Runtime analysis is an integral part of most application security assessment processes. Many powerful tools have been developed to perform execution/data flow analysis and code debugging for desktop and server operating systems. Although a few dynamic analysis tools such as DroidBox are available for Android, I currently know of no similar public tools for the Windows Phone 7 platform. The main challenge for Windows Phone 7 is the lack of a programable debugging interface in both the Emulator and phone devices. The Visual Studio 2010 debugger for Phone applications does not have an "Attach to process" feature and can only be used to debug applications for which the source code is available. Although the Kernel Independent Transport Layer (KITL) can be enabled on some Windows Phone devices at boot time which could be very useful for Kernel and unmanged code debugging, it can't be used directly for code tracing of phone applications which are executed by the .NET compact framework.
The following figure demonstrates an overview of the process which I have used to record the execution and data flow of Windows Phone 7 applications without using a debugger:
The instrumented phone application prints out method names and variables to the emulator console (that can be enabled by adding a registry key) at runtime. The console window buffer is then captured by an API Hook (WriteFile API) in the emulator process and saved to the runtrace file. I have developed a tool named "XAP Spy" in C# to automate the above process. You will need Windows Phone 7 SDK, .NET freamworks 4.0 and 2.0 (The API hook code is based on EasyHook library which only works with .NET framework 2.0) to run this tool.
I gave an updated version of my 'Hacking Online Auctions' talk at UnCon in London last week. The talk gave a brief intro to general auction theory, and how the models can be applied online, but the main focus was on 'penny auction' websites. What are those all about then? Well, during my Masters last year I took a course on Internet Economics, and one of the modules involved auction theory. It was a really interesting module, and I did a bit of my own research on the side, whereby I stumbled across various penny auction sites. The sites (who pretend to be akin to eBay or the likes) go a little something like this:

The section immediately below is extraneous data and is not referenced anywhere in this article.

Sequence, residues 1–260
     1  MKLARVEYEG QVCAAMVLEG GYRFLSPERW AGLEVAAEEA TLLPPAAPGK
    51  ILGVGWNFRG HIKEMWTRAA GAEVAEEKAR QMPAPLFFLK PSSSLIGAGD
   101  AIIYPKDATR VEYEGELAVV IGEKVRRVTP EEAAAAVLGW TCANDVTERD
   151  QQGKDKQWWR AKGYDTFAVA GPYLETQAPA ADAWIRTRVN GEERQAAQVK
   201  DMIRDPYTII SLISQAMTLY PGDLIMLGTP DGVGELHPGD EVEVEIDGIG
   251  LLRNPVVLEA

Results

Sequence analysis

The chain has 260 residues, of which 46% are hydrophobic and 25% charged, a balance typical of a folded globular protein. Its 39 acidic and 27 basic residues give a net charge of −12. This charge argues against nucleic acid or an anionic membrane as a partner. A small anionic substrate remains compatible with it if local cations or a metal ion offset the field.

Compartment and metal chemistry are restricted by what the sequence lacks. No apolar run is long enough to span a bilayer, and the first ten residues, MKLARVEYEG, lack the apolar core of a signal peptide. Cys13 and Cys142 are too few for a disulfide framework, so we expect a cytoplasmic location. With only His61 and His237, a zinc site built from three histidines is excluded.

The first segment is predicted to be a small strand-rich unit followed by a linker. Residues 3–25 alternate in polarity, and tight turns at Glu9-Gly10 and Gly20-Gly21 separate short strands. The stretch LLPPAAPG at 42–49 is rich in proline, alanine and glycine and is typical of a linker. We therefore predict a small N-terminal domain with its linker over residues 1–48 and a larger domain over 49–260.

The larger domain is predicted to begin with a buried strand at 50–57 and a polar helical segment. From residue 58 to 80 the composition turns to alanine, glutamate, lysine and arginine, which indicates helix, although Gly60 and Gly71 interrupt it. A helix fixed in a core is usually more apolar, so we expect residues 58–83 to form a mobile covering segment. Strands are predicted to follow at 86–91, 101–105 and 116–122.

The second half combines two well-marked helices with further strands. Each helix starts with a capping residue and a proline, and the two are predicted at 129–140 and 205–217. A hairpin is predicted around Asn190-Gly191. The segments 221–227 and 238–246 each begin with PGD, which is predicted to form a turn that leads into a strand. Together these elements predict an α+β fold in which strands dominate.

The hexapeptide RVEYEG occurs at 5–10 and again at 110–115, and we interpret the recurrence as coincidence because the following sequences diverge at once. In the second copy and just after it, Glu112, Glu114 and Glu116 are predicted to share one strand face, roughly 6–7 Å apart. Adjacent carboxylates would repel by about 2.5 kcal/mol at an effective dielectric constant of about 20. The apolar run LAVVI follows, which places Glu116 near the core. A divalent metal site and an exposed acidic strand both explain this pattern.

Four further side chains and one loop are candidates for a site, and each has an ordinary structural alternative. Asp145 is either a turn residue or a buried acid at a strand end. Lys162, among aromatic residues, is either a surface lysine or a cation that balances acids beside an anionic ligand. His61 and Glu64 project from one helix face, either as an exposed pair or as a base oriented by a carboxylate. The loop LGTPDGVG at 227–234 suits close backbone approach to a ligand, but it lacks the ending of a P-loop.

1) Loads of high demand products up for auction (e.g. iPhones, cars, TVs, cameras, etc). 2) All auctions start from some predetermined countdown, usually around 5-9 hours, and tick down one second at a time. 3) All auctions start with an opening price of £0.01 (or R0.01 etc). Each bid placed increases the price by one penny/cent. 3) When the timer hits zero and no-one places a bid, the auction ends and the last bidder wins. He pays the price that the item climbed to.
If you check out some of these websites, you'll notice that items seem to sell for ridiculously low prices - e.g. an iPhone 4 for £30, an Audi A1 for £300. The sites also, of course, include various 'winner galleries', showcasing happy winners with their dirt-cheap fancy kit. It all seems too good to be true, and the sites lure in loads of sucke^Wplayers.
Alas, there are two big caveats which are not mentioned early on: